“We have a special opportunity here in part due to our proximity to Silicon Valley,” says Michael Skaff, chief operating officer for the Masons of California. “There’s interest from a number of companies to leverage these model Smart Home apartments to showcase some of their newest technology, and prove its efficacy. It’s a great opportunity for public-private partnerships. It’s a chance to be truly on the cutting edge.” As a result, the model Smart Home apartments will remain intact long after the MCSA Conference – bringing global businesses onto the Masonic Homes campus to preview its unique services and innovative vision for senior care.
The care curve
Of course, innovation isn’t only a matter of technology. During the MCSA Conference, attendees were also introduced to a one-of-a-kind memory care program, the Masonic Homes’ new Compass Club. The program was developed for residents in the early stages of memory loss who can still safely live independently, but who benefit from specialized support. Its creator, Joseph Pritchard, the Homes’ director of memory care, describes the format as a “mobile day program”: residents continue living independently, but their days are framed by group activities throughout campus with staffers called “navigators” who assist and guide them.
In developing the Compass Club, Pritchard had no precedent to consult; this kind of program didn’t exist elsewhere, at least not to the Homes’ standards. He combined best practices from traditional memory care programs – which are typically geared toward assisted living residents in a confined environment – and adapted them for Union City residents. The Compass Club taps into the social, physical, cognitive, emotional, spiritual, and nutritional domains of memory support. Activities range from music appreciation and art classes to ice cream socials and exercise. Because isolation is both a cause and consequence of memory loss, the program especially focuses on opportunities for social engagement. If a resident chooses to take a meal alone in her own apartment, a navigator will make a point to stop by later that day to chat for awhile.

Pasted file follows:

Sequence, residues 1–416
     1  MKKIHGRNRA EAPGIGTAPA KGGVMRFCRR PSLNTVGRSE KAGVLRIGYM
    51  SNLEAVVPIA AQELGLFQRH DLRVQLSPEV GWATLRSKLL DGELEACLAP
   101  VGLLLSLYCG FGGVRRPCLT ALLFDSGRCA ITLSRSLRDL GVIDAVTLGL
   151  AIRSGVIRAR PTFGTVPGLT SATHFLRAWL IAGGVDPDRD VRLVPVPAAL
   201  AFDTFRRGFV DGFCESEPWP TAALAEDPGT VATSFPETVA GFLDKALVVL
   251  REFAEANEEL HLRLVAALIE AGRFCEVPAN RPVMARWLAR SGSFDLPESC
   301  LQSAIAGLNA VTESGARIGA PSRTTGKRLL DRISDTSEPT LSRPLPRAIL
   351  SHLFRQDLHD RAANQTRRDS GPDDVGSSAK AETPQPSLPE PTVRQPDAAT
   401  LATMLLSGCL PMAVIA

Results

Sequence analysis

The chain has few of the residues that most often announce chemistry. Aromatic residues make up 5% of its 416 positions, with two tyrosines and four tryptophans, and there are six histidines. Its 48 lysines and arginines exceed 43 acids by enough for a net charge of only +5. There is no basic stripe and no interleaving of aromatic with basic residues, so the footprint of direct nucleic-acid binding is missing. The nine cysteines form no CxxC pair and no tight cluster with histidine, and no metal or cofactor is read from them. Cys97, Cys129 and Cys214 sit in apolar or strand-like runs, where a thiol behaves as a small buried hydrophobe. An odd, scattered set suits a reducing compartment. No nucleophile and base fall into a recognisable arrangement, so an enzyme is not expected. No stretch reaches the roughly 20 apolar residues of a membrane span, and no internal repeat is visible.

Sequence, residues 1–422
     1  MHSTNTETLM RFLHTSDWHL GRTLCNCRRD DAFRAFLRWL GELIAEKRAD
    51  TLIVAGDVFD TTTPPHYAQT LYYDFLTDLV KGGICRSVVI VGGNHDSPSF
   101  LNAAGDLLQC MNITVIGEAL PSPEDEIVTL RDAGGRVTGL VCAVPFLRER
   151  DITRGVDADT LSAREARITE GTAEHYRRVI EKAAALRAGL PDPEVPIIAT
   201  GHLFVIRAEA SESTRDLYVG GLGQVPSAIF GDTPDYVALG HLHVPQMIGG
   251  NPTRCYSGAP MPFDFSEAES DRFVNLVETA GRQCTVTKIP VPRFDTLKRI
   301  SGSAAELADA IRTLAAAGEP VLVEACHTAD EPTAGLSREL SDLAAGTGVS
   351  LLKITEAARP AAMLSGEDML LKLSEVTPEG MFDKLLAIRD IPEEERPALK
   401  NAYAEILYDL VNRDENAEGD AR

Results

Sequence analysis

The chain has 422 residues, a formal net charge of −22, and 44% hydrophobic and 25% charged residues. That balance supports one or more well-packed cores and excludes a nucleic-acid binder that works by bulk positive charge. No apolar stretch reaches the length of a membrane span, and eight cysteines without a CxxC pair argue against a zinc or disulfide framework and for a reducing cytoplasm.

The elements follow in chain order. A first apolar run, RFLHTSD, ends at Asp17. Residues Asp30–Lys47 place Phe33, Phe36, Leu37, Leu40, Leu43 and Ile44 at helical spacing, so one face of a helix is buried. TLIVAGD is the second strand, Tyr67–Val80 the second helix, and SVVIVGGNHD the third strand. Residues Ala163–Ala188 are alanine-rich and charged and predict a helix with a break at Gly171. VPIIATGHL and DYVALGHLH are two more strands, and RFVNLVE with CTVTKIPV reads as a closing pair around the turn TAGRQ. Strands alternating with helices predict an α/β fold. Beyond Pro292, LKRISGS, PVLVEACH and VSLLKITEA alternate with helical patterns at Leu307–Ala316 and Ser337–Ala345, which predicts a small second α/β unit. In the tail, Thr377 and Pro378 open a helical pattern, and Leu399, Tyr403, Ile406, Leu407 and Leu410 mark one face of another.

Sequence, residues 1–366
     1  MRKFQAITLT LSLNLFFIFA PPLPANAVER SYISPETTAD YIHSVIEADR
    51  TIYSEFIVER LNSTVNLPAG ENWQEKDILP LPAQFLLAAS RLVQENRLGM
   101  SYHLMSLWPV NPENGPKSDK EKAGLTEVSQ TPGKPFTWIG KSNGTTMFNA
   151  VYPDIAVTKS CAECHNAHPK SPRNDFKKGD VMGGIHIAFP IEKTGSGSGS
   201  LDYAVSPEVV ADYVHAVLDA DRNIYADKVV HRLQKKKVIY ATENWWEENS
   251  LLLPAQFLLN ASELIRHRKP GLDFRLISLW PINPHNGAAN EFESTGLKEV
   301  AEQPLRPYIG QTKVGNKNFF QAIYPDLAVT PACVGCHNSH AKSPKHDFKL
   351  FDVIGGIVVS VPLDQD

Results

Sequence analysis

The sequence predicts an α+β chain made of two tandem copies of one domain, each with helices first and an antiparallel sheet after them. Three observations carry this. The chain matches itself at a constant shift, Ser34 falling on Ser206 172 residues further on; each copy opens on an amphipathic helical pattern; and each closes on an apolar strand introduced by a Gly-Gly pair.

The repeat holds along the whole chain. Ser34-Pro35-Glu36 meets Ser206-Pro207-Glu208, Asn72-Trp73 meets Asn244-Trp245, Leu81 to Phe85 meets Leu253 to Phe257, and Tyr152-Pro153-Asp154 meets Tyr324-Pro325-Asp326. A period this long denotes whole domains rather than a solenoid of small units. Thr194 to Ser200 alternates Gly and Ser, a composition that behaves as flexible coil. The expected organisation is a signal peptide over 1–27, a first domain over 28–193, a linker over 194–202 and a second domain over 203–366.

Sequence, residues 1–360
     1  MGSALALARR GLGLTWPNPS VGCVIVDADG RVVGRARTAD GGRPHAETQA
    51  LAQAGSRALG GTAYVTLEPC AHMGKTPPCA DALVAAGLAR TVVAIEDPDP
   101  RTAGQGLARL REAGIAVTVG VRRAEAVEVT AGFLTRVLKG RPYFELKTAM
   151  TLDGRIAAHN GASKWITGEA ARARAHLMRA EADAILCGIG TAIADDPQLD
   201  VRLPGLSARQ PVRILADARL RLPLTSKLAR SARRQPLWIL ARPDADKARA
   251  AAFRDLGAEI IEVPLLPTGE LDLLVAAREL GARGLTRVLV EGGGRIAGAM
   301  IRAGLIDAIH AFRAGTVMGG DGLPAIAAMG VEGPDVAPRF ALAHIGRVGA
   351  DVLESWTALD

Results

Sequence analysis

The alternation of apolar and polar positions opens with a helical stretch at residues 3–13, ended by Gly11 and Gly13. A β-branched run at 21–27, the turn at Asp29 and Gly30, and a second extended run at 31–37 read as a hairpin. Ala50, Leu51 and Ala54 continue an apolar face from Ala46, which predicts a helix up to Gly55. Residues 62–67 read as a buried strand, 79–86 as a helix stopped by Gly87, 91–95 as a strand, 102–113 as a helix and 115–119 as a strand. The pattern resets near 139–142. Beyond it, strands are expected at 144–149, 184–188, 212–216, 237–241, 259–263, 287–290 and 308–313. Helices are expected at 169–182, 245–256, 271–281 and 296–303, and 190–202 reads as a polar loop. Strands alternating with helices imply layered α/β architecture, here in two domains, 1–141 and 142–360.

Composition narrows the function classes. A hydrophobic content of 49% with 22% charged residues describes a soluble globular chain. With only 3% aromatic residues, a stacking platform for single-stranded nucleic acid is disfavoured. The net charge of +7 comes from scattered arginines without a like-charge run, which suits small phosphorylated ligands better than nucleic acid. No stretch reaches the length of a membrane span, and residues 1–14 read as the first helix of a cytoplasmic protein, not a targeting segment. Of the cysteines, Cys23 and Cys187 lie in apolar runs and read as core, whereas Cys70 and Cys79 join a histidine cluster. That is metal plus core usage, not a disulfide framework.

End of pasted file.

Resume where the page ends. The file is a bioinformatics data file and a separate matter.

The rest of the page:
The Compass Club was introduced this past winter to 20 residents, and already the Union City staff can see a difference. Before one resident started the program, she left her apartment only for dinner. She was losing weight and feeling depressed. Now she goes to the gym almost daily. She attends every music appreciation gathering. She paints. Although her memory occasionally fails, she is alert and attuned to the world around her. Another resident no longer insists that he should be moved to skilled nursing. When his navigator arrives in the morning, he asks, “What are we doing today?” When he hears a song he likes, staff even catch him swaying along.
“By investing a little bit of money and staff, the program has changed residents’ lives,” Pritchard says.
“For more than 100 years, the Masonic Homes of California has been intentional about evolving and updating our practices, trying to set an example to others in the care industry,” says Gary Charland, the Homes’ executive vice president. “We always look ahead to how we can improve, so we can better serve our Masonic family.”
“We’re ahead of the curve,” says Pritchard. “I would love for everyone else to catch up. This is where we all should be.”